Mobile sensors designed to unlock the secrets of the body’s electrical activity could create a new early warning system for heart disease patients.
Scientists from universities and companies in eight European countries are developing a way of breaking down electrocardiogram (ECG) signals from the heart to get a better understanding of factors affecting a patient’s condition.
Researchers from Southampton University are working on the implant that will monitor and analyse the ECG and transmit the data to the patient’s doctor, alerting them if there is a problem.
Different electrical frequencies can dominate the ECG signal so, by using a type of analysis known as wavelet transform, the team hopes to discover which frequency component is dominant at which time.
The device also will collate information from skin sensors detecting temperature, sweat and movement, giving a better understanding of how activity affects ECG.
This will allow doctors to identify interference from other ‘artefacts’, such as the electrical activity produced by muscle movement.
‘All these factors could affect ECG but nobody yet knows how,’ said Dr Koushik Maharatna from the university’s school of electronics and computer science. Maharatna’s co-collaborators Prof John Morgan from the university’s school of medicine and Dr Nick Curzen from Southampton University Hospital NHS Trust.
‘With the right infrastructure, the doctor can access all the information and find out which aspect of the data is dependent on which factor.’
The device will be designed to analyse the data so it can transmit an alert to the patient’s doctor only when a problem occurs, saving the power that would otherwise be used for transmitting large amounts of information. The doctor can then request the full set of data if necessary.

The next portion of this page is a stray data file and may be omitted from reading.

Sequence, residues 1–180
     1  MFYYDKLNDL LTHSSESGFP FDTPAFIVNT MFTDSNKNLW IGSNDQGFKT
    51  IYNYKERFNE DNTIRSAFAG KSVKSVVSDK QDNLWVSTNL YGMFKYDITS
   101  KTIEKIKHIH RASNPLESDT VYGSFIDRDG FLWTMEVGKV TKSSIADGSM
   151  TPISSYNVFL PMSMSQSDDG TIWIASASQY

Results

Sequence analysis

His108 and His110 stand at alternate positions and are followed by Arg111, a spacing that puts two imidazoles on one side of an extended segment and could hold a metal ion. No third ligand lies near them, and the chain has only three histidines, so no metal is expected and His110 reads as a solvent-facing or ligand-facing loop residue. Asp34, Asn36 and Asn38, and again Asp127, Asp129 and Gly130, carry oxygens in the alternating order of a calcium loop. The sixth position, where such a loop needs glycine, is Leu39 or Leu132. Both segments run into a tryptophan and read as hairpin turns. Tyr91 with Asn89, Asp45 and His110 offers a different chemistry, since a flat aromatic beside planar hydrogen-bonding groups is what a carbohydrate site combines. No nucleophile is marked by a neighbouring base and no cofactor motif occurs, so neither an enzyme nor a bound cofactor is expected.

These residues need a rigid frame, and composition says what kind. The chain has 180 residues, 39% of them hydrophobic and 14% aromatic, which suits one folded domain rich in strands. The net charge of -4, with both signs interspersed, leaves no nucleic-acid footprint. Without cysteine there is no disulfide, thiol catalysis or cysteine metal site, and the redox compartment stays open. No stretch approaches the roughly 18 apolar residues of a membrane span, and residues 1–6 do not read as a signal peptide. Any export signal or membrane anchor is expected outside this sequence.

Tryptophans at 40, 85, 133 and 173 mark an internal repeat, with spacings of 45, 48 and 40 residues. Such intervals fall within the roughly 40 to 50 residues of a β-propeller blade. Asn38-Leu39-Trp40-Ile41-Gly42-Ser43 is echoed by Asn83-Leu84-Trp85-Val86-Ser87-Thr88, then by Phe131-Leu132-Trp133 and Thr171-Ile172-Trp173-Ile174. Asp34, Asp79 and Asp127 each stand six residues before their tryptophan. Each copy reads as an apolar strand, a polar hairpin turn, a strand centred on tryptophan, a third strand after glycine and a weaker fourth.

‘There are three main challenges,’ said Maharatna. ‘We need to create a better diagnostic operation, improve the power efficiency, and preserve the quality of information without affecting the power consumption.
‘Intensive computations consume a lot of power, so a normal battery-powered ECG system will go flat in no time. We need to design an algorithm in a way that is ultra-low power consuming.’
The three-year project will be concluded with a 400-person pilot study. The system is intended to improve the prevention of heart disease complications but the team hopes the technology could be used for patients with other conditions.
‘It will automatically alert the person responsible for the patients’ care — whether that’s a family member, doctor or carer,’ said Maharatna. ‘And if patients go abroad then doctors in foreign hospitals will also be able to access the data.’
The research is part of the international £18m CHIRON project, a consortium of universities and companies including Philips Healthcare in the Netherlands and Barco in Belgium, co-financed by the ARTEMIS public-private research body.
Different partners will be working on the other components of the system, such as the skin sensors, transmission and data imaging.